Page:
The newly released annual look at the digital world from online and mobile measurement firm comScore makes it quite clear that retailers better be ...
The retailer adds the payment service to its m-commerce site.
Typing in a 16-digit card number along with a billing and shipping address onto a smartphone screen is enough to deter many consumers from making purchases via mobile phone. To make sure purchases easier, shoe manufacturer and retailer Rockport has added Google Wallet as a payment option on its mobile commerce site.
Google Inc.’s Google Wallet, formerly known as Google Checkout, is an expedited way to pay. Once consumers create a Google Wallet account and store there their payment card details and billing and shipping addresses, they can tap the Google Wallet button on m-commerce sites to pay.
Upon tapping the button a new web page opens where the consumer can log into his Google Wallet account. From there, he selects the payment card and confirms the shipping and billing address. Then the original checkout page on the Rockport m-commerce site reappears and the consumer confirms the purchase.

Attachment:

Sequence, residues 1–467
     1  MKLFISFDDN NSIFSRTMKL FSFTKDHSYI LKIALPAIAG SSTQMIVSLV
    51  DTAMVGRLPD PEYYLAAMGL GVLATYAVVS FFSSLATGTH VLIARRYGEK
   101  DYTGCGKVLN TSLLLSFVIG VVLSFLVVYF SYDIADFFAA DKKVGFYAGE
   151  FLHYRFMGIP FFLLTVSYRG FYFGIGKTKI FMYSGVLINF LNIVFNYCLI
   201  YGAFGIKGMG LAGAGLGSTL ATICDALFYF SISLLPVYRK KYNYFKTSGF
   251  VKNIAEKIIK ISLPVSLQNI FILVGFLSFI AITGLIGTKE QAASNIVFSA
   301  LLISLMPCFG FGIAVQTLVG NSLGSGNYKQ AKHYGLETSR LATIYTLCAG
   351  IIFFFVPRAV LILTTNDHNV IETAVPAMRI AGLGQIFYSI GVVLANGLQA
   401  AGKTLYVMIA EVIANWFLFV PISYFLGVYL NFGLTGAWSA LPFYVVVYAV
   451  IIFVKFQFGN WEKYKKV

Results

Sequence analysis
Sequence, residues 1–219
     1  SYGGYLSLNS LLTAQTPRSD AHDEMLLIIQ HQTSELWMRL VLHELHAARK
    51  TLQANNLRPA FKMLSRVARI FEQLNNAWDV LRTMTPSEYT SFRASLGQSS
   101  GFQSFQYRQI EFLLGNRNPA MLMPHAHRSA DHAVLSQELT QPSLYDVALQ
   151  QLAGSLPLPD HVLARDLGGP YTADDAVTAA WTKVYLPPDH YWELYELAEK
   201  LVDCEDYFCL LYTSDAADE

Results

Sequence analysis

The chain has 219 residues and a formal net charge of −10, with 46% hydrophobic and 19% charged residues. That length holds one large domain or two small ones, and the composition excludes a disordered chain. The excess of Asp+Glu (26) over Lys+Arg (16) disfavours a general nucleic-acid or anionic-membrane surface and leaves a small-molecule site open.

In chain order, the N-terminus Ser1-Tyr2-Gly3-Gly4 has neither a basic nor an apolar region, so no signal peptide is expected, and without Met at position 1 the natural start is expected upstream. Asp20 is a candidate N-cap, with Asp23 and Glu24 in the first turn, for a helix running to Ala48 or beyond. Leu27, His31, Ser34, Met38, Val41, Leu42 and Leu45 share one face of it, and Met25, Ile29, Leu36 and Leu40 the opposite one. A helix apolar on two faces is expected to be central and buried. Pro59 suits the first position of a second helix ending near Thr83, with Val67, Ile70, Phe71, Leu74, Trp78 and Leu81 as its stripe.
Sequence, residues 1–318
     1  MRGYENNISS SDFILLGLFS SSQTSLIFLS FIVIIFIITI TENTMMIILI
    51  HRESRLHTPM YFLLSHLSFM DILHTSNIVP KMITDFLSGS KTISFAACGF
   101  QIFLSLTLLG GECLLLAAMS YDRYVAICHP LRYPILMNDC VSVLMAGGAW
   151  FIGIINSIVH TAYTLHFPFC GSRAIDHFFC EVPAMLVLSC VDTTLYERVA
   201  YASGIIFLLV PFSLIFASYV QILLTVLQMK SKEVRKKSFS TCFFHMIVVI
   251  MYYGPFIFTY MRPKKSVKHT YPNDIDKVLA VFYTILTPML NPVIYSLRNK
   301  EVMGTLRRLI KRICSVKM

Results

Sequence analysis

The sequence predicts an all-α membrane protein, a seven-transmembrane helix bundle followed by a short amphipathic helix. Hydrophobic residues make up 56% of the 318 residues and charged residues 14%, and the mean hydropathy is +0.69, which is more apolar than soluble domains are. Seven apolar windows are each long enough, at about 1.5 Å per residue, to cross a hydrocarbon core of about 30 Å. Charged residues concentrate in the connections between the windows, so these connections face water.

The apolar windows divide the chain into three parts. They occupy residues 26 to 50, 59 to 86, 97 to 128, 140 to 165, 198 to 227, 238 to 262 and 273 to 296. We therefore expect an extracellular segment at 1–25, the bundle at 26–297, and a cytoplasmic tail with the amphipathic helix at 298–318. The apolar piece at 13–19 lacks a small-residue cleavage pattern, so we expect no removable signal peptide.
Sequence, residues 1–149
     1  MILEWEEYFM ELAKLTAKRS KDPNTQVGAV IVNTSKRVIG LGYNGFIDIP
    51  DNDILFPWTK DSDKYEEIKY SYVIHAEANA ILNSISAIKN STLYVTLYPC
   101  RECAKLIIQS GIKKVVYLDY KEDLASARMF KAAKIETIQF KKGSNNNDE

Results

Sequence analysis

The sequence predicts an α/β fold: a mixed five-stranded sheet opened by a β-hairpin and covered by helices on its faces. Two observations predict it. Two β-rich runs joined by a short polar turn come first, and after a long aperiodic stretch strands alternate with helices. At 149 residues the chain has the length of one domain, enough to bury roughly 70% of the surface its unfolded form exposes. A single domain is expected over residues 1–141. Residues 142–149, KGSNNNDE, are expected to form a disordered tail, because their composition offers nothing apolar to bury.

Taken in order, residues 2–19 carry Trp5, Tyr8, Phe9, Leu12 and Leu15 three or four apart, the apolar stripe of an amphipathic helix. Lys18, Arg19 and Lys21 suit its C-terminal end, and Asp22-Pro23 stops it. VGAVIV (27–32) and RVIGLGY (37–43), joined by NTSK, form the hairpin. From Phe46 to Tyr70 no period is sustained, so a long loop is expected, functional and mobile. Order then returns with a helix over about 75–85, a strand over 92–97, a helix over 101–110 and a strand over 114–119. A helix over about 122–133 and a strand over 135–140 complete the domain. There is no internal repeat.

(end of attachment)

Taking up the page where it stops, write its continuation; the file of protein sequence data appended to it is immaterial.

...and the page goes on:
“This new tool from Google Wallet means our customers can more quickly and easily complete a mobile purchase,” says Kimberly Correia Hunt, Rockport director of global e-commerce. Rockport expects Google Wallet to increase its mobile conversion rate by 50%, attract new customers to the m-commerce site and reduce the number of abandoned shopping carts on the mobile site. Rockport’s estimated mobile conversion rate is 1.20%, according to the Internet Retailer Mobile 400 guide.
For a limited time consumers using Google Wallet at Rockport’s m-commerce also receive $20 off their orders. Other m-commerce sites using the service include 1-800-Flowers.com and FiveGuys.com, Google says. Google would not disclose the number or value of transactions made with the service.
Google Wallet also is available for e-commerce purchases and in a tap-and-go method for smartphones equipped with the Google Wallet app when used at participating bricks-and-mortar merchants.